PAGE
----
It was my last course of my Master’s Degree. It had been 8 long years since I had started and the finish line was in sight.
It was down to my final paper of my final course. It was midnight, the night before my paper was due.
I couldn’t get in to it.
During my schooling I worked full-time for most of it and had 2 small children. I did school once they were in bed, on my lunch breaks, etc.
Over those years I learned that I have this other gear that kicks in when the stress level gets high enough. My overdrive. Don’t get in my way when it does kick in because I get crazy amounts of stuff done.
I began to see how useful this overdrive was during my schooling and I would consciously let the pressure build with a looming deadline so that it would trigger this overdrive and I’d get stuff done more efficiently.
The problem was, it was midnight the night before my final paper was due and overdrive wasn’t kicking in yet.
One of the problems with becoming an adrenaline addict is that you get more and more accustomed to stress and less and less able to respond appropriately.
As a Psychology student I enjoyed studying this moment while it dawned on me that I had to get this paper done anyway.
It was a wake-up call for me, one I am so thankful for.
I still do well under pressure, I can still get a lot done quite quickly when I need to … BUT I hate it now.
There is a peace and joy in getting stuff done ahead of time that far outweighs the thrill of meeting a deadline at the last minute.
Some of you reading this right now are saying to yourself “Marilyn doesn’t know my life, I don’t have that luxury.”
I get that. I coach many very busy leaders. However, let’s get honest about the subtle ways that we procrastinate and the obvious and hidden ways that we “benefit”.
One of the most common things people say in our culture, when you ask them how they are, is “busy, really busy”. It’s almost like it would be embarrassing if they weren’t. That being busy is the healthy normal. How often have you heard “I’m doing well, thanks, I’m not too busy, just perfect.”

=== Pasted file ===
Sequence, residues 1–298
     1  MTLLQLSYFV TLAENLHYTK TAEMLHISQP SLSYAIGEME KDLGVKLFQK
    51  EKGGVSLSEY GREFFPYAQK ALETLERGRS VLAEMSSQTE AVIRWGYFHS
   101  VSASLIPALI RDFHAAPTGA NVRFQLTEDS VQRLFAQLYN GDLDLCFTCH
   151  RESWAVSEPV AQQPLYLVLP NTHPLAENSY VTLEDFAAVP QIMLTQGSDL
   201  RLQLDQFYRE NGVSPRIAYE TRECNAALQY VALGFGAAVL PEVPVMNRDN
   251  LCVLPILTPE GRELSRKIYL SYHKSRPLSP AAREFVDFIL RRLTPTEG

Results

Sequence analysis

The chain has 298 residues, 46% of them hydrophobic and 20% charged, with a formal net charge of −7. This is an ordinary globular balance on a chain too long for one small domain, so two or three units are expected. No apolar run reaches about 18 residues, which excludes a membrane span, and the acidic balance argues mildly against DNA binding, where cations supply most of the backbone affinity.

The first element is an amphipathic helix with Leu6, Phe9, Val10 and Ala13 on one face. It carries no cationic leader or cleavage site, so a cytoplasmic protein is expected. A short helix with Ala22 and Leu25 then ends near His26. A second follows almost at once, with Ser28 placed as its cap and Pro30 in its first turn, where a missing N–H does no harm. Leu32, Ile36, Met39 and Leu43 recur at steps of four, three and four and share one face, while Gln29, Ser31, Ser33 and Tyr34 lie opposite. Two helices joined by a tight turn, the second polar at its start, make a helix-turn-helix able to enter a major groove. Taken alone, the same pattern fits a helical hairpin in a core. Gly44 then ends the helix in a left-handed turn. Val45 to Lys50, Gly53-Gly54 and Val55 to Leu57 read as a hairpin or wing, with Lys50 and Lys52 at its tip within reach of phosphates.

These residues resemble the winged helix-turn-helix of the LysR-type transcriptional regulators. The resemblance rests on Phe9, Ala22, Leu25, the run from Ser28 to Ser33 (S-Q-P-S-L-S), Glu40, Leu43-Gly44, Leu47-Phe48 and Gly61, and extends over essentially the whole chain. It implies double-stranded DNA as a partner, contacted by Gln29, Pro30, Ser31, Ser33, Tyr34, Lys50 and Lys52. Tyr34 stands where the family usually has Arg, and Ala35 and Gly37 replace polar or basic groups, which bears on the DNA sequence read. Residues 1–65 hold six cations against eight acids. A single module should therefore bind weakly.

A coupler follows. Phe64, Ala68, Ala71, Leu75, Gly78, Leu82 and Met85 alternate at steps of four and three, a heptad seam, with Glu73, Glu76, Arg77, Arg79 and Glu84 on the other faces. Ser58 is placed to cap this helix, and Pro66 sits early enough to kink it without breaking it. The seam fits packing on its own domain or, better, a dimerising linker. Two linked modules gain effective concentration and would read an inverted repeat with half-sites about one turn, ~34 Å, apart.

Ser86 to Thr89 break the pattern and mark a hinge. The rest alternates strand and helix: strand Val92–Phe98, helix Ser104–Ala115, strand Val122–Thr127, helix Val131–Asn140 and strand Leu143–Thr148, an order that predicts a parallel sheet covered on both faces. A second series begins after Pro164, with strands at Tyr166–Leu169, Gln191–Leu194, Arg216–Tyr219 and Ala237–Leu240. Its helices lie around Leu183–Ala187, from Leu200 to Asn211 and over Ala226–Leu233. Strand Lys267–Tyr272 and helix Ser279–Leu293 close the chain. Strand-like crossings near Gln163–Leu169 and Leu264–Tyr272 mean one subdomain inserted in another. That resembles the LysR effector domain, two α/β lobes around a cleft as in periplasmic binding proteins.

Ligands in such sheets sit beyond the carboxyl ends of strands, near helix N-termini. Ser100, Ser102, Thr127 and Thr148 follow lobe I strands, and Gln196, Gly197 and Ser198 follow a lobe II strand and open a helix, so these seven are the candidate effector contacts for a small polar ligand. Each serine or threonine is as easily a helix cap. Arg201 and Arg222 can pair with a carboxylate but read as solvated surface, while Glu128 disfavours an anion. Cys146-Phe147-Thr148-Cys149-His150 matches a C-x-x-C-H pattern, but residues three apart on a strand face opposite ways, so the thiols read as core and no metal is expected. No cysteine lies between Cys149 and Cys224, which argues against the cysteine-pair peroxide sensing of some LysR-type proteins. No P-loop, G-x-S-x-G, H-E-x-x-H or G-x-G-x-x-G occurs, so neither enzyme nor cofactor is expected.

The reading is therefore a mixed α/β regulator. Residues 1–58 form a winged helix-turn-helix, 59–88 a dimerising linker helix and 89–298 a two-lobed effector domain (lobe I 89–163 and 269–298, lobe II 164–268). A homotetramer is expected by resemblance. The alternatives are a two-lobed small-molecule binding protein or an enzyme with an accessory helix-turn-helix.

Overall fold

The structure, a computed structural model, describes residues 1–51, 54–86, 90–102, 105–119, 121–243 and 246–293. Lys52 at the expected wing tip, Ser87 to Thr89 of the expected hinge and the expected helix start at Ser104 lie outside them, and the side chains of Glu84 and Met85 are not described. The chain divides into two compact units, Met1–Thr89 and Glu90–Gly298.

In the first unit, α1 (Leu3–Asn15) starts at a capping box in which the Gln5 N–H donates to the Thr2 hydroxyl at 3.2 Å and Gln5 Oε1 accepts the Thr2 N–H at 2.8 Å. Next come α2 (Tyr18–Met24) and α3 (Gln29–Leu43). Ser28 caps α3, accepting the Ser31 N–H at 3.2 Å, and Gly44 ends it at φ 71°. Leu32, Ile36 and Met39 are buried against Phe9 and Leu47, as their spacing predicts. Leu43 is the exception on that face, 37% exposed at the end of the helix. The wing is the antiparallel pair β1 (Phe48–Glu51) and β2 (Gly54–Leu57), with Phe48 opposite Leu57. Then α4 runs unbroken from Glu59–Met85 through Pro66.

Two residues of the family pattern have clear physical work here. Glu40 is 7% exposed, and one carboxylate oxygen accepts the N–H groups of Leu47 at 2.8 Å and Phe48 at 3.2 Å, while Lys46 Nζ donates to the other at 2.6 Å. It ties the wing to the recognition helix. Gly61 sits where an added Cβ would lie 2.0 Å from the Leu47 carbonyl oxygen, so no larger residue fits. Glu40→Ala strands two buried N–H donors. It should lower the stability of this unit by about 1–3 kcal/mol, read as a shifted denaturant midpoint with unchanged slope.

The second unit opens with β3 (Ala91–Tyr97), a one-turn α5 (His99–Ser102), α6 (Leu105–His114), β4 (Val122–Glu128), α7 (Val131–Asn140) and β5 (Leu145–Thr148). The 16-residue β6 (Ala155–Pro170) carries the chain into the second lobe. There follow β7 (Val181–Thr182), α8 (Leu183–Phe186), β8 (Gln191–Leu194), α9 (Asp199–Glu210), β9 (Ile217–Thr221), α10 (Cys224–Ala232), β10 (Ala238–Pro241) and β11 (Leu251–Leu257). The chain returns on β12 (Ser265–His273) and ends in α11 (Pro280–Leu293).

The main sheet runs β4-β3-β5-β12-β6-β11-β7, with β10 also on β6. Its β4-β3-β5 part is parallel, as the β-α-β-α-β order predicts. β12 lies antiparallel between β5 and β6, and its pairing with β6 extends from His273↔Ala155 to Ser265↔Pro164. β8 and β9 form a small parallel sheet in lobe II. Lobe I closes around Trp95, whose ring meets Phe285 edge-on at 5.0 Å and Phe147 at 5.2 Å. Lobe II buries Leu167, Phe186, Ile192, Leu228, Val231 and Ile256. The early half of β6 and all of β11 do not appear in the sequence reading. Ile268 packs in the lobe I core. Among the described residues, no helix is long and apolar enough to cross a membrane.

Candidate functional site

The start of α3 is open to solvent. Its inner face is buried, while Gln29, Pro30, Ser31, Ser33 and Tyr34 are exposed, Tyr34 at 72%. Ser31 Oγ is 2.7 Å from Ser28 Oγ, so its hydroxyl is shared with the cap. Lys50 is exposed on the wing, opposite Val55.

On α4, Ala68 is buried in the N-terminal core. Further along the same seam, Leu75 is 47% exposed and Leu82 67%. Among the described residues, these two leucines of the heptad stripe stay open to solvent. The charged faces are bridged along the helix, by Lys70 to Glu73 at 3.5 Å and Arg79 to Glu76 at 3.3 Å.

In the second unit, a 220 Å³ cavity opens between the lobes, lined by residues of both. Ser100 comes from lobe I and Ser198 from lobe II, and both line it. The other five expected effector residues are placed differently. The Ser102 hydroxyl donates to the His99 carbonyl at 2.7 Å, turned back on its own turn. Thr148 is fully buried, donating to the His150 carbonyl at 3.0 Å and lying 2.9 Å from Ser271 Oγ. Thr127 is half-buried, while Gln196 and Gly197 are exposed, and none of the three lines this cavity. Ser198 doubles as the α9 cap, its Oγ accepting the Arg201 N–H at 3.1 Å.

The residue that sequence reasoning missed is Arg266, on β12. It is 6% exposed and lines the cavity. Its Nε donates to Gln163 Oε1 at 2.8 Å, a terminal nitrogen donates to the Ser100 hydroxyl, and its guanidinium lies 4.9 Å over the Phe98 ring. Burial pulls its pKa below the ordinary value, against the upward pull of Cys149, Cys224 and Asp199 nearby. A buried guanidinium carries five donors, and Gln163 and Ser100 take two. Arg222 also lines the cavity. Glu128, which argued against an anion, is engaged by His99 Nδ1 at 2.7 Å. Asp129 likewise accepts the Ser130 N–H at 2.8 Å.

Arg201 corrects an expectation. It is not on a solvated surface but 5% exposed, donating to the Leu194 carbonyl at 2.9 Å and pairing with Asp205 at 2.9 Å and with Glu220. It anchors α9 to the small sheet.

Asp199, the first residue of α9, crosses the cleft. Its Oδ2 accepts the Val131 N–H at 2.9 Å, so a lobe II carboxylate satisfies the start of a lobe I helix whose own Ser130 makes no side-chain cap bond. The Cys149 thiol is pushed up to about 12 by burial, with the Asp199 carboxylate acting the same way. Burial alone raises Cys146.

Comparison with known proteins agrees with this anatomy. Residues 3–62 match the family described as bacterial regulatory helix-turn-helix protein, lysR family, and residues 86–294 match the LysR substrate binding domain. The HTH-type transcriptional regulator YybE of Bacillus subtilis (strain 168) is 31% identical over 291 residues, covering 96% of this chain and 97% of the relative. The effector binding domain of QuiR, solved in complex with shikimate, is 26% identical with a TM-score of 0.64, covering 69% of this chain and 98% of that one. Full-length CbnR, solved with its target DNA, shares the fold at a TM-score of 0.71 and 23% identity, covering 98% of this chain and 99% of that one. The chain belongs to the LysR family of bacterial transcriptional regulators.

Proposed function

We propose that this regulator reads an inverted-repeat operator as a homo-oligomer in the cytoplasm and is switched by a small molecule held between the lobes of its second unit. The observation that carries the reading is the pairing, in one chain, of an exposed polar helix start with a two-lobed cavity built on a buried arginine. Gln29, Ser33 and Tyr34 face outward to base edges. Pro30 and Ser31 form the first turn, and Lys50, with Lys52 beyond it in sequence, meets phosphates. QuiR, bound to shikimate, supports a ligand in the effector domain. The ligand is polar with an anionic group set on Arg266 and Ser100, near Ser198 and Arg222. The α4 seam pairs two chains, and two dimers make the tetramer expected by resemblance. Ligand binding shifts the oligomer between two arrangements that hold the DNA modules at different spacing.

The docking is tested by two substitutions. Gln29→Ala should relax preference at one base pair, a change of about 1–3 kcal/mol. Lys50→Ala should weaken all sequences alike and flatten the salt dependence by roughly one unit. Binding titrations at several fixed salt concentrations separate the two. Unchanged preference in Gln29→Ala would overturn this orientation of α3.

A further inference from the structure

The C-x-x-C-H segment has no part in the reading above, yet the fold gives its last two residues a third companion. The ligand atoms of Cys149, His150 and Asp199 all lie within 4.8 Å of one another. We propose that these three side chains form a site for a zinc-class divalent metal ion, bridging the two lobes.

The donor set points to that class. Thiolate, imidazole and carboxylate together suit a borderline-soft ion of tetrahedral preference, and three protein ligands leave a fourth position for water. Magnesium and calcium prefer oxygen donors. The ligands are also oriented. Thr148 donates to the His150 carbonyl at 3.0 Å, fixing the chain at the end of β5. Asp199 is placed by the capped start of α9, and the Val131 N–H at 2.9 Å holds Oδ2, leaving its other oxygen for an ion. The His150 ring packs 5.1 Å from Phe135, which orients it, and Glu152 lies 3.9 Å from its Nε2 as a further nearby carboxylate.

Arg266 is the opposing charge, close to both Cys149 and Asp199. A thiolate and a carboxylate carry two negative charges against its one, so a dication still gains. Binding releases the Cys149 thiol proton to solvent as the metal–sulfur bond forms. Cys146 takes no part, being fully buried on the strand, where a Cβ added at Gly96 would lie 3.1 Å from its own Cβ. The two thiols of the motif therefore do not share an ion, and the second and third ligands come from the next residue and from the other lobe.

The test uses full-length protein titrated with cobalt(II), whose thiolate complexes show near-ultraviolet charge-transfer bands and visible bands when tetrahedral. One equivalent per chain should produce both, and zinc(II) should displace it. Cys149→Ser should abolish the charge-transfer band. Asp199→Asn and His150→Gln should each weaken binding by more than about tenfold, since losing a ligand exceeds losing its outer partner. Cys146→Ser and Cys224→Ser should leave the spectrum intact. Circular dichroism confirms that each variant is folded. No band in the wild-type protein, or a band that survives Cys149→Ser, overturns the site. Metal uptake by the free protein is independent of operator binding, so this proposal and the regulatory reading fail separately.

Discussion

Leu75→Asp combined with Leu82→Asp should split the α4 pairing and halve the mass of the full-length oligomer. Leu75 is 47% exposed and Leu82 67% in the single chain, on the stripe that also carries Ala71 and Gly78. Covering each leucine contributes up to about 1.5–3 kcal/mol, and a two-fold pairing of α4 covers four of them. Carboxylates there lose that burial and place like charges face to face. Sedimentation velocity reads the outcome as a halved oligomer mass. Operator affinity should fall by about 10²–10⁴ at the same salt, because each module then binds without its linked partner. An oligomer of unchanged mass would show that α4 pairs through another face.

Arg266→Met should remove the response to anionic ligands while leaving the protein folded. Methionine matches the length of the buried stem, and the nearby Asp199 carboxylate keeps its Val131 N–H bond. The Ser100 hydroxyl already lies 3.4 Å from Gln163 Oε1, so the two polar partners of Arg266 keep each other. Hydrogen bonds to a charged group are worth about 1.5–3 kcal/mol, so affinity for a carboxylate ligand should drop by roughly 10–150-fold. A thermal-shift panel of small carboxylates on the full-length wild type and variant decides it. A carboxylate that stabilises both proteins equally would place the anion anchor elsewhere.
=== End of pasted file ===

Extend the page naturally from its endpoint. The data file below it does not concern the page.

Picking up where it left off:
We are a society addicted to stress and busy-ness but in denial.
So, what are the strategies, especially for truly busy people?
I suggest an honest conversation with yourself for starters:
- Am I benefiting in some way by procrastinating?
- Do I use the adrenaline high from letting the stress build?
- Is it possible I feel more important, more accomplished by leading this super busy life?
Next, some strategies to help move you away from last minute stress to a healthier way of living and working.
- Notice what you are avoiding and break it down in to bite size pieces. Even if it's only the first piece it will get you un-stuck.
- Don't be afraid to ask for support for tasks - whether this looks like appropriate delegation or psychological support for facing a task. (This is best done early before you get to that panicked, "OMG I should have started this a week ago" state.)
- If it's a task you really are not looking forward to limiting your time for that first dive in can break down the barrier of starting. This also works for repetitious tasks that most of us hate, like filing, cleaning off our desk, etc.
So, what are the benefits of not procrastinating? (Clearly for those of us who repetitively procrastinate, we subconsciously think it has advantages or we wouldn't keep doing it.)
I'll leave you to consider the benefits by way of these questions:
What stresses would be eliminated by planning and tackling work ahead?
What projects would benefit from some creative thinking and strategic planning, versus last minute completion?
What could you do with some free time if indeed your new habits made you less busy eventually?
Posted on Thu, February 25, 2016
by Marilyn Orr filed under